Is Your Idea a Novel or a Short Story?

You’ve come up with a brilliant idea. How do you decide whether the idea is suitable for a novel or a short story? While sometimes you just instinctively know, other times you may be stumped. Let me offer a few points to consider that may save you days, weeks, or months of writing only to discover that you’re heading in an unpromising direction.

There are two other reasons to identify your project’s structure early. First, if you’ve experienced writer’s block with a story that initially had high promise, it’s possible that your case of writer’s block stems from not choosing the best format. Second, it’s also possible that comments from editors’ rejection letters such as “not enough conflict” or “pacing too slow” may be signs that you’re telling too little story for a long form, and comments such as “too many characters to keep track of” or “plot too confusing” may indicate that you’re telling too much story for a short form.

There are a few essential elements that both short stories and novels have in common: a compelling premise, a compelling character with a compelling goal, and compelling conflict. Both forms have a beginning, middle, and end. Did I mention compelling?

What is a short story?

In short stories everything is condensed. There’s no time for subplots, and there’s a limited number of characters. Short stories capture a significant moment in time—often a snippet of time in the character’s life.

What is a novel?

Obviously novels are longer. What fills these extra pages? More characters, more complex plots, and a longer time span. The added length allows for a deeper exploration of main characters, however shorter lengths are no excuse for cardboard characters.

Is Your Idea a Novel or a Short Story? by Victoria M. Johnson

How to decide

Start with your end in mind.

What does your character have to confront or overcome to achieve his goal? If that path can be shown to the reader in a compelling way without too many characters, without a subplot, and without a lot of layers of revelation, perhaps you have a short story. If your character has to undergo much trial and tribulation to achieve his growth and change; if his actions affect many others and the reader needs to see those other characters and the impact on them; if subplots add more significance to the goal, theme, or resolution, then perhaps you have a novel.


What do you want to say with your piece?

Whatever message you hope your reader gets, ask yourself if you can convey that message with the form you’ve selected. Of course, you never want to hit readers over the head with the moral of your story; rather, you want all the elements of the story to lead the reader to that “hidden” message.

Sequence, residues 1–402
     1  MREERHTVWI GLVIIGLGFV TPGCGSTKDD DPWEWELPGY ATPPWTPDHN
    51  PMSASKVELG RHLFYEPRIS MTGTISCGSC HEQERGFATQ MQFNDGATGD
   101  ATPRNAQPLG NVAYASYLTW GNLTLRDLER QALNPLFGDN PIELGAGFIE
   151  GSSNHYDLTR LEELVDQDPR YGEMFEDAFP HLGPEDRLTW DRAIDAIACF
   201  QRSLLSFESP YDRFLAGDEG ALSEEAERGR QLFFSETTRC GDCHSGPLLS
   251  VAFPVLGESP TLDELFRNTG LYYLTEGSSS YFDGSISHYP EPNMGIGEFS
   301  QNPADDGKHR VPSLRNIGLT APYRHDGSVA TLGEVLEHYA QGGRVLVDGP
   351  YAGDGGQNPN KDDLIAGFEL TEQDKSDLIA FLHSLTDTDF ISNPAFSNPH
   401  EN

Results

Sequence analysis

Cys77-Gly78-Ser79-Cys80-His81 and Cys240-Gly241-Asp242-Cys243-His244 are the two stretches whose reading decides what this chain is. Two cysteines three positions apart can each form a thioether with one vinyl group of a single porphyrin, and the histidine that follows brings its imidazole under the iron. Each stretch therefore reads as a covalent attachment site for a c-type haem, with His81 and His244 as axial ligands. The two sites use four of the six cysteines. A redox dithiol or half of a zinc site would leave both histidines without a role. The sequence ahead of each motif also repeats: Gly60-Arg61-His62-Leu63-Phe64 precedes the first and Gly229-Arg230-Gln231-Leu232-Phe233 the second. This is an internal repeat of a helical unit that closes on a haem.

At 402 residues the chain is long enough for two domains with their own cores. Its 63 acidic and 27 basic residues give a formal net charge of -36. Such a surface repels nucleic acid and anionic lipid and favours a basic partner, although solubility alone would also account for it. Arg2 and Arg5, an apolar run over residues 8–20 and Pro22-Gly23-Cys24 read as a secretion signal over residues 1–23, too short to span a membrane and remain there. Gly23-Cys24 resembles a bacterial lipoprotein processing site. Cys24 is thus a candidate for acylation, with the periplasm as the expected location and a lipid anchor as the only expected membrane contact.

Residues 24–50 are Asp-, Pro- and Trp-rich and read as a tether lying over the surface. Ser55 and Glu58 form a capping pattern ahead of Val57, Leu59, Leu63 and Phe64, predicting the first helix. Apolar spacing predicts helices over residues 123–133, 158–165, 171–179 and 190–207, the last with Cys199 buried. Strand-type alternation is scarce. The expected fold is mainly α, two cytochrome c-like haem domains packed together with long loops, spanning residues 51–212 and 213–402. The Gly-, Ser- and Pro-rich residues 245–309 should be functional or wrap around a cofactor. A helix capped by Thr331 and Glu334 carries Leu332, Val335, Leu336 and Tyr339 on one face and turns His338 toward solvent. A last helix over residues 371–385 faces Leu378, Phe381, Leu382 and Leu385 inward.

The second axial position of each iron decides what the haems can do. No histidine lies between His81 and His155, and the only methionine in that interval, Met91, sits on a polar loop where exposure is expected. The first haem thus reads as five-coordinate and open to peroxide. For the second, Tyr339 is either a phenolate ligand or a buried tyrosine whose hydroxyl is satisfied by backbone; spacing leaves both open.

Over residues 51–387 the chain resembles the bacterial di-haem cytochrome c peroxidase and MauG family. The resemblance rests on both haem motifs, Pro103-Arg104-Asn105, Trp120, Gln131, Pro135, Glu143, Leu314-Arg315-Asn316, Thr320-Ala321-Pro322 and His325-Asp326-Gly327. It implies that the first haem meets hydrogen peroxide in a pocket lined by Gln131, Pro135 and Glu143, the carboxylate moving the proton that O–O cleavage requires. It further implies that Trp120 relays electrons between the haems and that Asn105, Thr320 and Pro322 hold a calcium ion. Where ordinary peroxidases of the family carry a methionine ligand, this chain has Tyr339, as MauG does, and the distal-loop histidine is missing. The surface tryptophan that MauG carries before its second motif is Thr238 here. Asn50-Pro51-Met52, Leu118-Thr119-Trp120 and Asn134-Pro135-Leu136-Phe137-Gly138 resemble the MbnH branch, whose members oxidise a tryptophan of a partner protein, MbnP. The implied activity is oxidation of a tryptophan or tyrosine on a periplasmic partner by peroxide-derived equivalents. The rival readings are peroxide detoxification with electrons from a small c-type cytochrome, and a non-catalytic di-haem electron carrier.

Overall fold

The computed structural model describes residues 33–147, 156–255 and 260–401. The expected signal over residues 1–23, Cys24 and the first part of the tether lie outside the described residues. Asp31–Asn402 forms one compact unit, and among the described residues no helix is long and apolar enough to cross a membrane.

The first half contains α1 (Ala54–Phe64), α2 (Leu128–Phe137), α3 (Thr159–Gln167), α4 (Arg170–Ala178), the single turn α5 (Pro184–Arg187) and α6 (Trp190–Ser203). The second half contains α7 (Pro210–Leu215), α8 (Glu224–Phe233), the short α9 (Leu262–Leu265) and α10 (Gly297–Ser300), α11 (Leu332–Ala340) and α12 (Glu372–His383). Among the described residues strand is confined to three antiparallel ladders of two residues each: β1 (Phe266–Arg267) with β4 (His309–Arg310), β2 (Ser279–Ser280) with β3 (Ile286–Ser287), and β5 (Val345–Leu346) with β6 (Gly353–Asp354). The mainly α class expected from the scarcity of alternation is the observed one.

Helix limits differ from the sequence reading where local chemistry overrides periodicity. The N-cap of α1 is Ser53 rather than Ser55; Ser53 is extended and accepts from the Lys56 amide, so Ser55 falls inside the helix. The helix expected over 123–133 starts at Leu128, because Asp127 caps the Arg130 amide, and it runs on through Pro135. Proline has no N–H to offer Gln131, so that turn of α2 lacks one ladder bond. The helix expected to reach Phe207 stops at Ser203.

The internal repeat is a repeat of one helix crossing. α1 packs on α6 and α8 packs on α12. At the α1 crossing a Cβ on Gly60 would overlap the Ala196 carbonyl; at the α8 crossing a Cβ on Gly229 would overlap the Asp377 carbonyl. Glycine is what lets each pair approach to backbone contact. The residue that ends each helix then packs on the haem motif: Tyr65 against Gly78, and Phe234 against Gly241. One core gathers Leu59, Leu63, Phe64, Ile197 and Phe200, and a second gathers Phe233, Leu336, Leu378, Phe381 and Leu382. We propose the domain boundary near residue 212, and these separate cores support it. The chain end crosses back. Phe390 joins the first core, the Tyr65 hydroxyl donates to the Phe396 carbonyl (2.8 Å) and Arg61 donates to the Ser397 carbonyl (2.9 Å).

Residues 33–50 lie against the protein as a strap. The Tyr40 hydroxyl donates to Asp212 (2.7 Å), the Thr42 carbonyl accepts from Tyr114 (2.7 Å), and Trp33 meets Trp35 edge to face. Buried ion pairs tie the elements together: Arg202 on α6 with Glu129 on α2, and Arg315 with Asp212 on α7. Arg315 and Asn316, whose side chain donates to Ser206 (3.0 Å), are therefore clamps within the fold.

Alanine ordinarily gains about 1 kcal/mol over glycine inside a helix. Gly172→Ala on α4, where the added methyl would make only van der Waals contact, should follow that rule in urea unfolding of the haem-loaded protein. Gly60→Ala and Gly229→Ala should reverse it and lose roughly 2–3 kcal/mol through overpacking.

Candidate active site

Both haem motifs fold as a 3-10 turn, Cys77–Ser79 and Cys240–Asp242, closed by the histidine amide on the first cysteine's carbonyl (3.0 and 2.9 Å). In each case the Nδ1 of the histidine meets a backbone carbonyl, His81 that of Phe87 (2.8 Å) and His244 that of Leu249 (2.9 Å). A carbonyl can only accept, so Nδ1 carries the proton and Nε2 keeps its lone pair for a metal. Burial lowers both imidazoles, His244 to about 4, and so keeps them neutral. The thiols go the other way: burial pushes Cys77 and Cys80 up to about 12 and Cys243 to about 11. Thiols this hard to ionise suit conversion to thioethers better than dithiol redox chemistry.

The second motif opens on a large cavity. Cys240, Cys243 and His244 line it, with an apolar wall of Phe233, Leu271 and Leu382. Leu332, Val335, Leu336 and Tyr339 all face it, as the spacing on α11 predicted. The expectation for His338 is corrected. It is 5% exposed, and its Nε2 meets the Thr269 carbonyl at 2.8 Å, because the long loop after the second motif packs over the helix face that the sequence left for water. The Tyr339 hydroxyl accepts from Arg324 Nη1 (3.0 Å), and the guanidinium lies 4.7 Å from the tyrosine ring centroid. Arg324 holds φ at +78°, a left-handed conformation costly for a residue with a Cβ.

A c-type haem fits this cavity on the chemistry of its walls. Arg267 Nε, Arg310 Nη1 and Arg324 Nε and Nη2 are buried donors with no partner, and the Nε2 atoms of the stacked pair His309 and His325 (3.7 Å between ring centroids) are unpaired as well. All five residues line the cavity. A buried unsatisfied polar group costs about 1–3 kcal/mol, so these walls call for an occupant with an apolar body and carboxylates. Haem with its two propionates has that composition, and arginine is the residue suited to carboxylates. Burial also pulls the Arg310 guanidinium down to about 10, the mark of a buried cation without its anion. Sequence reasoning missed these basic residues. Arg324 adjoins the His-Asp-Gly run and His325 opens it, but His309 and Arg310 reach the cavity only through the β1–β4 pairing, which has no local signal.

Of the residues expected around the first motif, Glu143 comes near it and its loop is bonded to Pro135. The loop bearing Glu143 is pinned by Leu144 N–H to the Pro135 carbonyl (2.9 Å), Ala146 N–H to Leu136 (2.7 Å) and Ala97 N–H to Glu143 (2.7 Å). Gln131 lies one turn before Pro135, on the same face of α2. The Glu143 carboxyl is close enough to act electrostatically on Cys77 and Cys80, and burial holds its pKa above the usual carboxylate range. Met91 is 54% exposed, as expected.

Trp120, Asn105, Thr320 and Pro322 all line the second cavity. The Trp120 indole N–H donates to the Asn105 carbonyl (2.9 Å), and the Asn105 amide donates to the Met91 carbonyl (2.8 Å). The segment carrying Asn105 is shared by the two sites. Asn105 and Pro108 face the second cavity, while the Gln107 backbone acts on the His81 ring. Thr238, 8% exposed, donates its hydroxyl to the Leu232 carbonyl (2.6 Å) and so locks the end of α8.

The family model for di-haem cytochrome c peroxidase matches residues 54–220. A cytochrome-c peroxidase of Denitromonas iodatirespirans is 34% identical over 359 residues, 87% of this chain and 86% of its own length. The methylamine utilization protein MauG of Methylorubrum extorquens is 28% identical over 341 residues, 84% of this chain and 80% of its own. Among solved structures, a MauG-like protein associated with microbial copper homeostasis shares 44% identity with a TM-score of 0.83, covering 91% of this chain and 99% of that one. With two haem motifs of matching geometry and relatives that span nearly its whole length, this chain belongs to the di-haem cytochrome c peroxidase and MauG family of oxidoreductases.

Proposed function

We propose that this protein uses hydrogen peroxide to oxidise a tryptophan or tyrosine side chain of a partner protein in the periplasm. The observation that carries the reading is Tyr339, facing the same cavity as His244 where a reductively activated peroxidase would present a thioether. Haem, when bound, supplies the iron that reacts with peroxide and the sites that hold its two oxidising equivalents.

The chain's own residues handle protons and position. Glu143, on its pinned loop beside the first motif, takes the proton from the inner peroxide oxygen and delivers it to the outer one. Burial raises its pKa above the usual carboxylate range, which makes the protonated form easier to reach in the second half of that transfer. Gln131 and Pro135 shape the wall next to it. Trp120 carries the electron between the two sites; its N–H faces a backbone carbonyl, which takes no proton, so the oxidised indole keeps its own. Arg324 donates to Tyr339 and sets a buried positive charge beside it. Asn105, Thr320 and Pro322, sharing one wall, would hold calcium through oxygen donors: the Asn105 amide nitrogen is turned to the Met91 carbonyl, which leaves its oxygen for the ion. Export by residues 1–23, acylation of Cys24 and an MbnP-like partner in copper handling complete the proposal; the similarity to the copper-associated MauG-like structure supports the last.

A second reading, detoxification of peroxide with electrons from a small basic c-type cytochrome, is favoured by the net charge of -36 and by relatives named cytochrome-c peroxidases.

Michael Crichton’s novel Next tells a riveting tale that leads readers to his theme of the real-world catastrophic mess concerning gene patents. The novel is as fascinating and fast-paced as any of his books, and I was convinced by the end of it that gene patent procedures in this country needed a drastic overhaul. I don’t believe he could have conveyed this theme so convincingly in a short story.

On the other hand, Annie Proulx’s short story “Brokeback Mountain” uses a relationship between two gay men in a time and place where homosexuality is unacceptable to draw the reader in. Proulx skillfully provides insight into a theme of intolerance with strong characters and gripping conflict all in about 15,000 words.


Does your idea have enough conflict to sustain a novel?

If it doesn’t, you have a short story. Going back to comments from editors about the lack of conflict, don’t try to add conflict with arguments and petty bickering. Editors can spot weak conflict a mile away. Successful novelists prolong conflict throughout their books by altering, twisting, and elevating it. Static conflict causes all sorts of problems (which is an article by itself). No matter what length your project becomes, when the conflict’s resolved, the story is over. Tie up all the loose ends and finish it.

Once you decide where you want to take your idea, dive in. Whether your project ends up as a short story or as a novel, make it compelling. Say what you want to say with confidence, and have fun. Enjoy the burst of creativity a new idea brings.

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